that she should be treated in every way as a child of the family, and that no deduction should be made from the salary he was prepared to give on her account. Mr. Staunton closed at once with the offer, and Mr. Hammond was overjoyed at the result. He had written a hasty note to his wife on the subject, saying, that as he might not be at home on Wednesday, he would like her to send to the township for the new tutor and his little daughter. He had gone home by another route because he wanted to be present at ——— races, and he had just got home half an hour before the Lindsays' man, George, came with his bad news.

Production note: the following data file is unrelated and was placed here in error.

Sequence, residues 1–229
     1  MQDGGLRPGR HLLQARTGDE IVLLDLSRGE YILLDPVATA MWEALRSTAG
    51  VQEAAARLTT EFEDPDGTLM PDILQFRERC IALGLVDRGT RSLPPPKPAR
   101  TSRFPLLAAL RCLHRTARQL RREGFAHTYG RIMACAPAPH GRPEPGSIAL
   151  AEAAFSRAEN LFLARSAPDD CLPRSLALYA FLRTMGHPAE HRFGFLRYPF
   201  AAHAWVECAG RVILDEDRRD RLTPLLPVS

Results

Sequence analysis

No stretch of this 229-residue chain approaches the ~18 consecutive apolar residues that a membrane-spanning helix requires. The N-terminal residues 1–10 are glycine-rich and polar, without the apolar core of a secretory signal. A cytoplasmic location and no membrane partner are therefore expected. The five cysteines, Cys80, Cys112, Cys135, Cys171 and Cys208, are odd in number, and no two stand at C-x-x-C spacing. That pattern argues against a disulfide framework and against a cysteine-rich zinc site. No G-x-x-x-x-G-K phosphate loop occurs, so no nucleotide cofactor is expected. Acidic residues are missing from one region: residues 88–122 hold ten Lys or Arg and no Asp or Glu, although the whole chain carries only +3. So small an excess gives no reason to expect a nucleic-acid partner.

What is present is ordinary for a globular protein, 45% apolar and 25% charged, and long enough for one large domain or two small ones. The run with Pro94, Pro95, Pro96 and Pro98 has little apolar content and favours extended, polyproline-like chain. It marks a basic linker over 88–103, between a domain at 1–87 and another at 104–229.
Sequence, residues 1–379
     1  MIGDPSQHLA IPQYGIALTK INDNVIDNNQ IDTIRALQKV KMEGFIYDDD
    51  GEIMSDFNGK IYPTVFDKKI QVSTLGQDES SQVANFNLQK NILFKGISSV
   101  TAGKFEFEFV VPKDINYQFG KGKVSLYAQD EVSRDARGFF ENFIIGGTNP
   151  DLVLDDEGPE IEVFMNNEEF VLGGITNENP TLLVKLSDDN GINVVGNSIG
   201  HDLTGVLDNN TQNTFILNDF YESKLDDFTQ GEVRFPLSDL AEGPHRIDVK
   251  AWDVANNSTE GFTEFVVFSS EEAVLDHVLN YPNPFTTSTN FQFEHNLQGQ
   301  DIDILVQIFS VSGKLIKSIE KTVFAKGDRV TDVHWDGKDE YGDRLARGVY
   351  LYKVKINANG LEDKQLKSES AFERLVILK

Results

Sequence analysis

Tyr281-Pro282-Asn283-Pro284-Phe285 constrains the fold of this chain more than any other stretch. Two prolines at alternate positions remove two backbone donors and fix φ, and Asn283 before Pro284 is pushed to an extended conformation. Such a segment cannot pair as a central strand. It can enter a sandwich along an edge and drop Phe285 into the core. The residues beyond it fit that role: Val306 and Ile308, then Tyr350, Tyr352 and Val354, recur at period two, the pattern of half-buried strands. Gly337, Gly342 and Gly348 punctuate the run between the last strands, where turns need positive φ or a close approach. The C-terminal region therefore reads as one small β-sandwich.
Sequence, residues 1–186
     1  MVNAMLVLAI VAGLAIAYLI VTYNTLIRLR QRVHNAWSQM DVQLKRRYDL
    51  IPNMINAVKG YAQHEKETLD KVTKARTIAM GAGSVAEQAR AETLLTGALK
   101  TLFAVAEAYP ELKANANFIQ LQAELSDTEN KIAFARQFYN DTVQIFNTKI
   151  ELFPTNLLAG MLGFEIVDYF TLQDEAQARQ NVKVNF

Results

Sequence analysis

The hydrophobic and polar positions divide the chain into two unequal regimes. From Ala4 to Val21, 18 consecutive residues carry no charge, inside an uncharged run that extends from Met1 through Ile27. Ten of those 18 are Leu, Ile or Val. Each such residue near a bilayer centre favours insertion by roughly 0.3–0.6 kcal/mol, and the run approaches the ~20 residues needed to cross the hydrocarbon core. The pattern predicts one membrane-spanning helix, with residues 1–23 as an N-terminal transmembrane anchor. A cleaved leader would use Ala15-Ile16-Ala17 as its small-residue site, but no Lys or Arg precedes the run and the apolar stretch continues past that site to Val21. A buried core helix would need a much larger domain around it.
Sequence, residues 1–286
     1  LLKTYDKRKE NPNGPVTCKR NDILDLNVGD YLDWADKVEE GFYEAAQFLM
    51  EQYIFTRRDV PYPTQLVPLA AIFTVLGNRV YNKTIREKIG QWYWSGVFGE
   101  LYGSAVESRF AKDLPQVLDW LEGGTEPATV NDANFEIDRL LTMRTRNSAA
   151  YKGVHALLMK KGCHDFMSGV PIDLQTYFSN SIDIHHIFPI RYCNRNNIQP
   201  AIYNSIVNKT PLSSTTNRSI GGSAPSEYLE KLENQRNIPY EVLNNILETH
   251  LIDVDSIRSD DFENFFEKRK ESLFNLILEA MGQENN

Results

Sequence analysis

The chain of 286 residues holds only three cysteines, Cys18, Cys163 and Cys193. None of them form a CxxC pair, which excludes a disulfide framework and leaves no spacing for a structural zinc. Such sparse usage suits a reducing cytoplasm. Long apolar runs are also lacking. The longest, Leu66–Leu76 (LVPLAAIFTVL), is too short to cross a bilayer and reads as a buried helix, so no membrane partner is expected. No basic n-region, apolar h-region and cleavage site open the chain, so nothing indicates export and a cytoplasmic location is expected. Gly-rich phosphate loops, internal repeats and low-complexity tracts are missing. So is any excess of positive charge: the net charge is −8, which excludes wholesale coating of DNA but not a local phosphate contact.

"So you did not stay for the land sale," said Mrs. Hammond; "the races were too attractive."
"I wish I had stayed; I never thought of Hugh Lindsay going so high, I left my limit with my agent, and he of course would not take the liberty of going beyond it, and writes me that he's sorry, and all that nonsense."
"Was Lindsay at the sale himself?"
"No. Allan was there bidding for his father. The old man puts great trust in that boy."
"These low people can afford to pay more for land than you. Look at your expenses for labour that Lindsay gets his own family to do."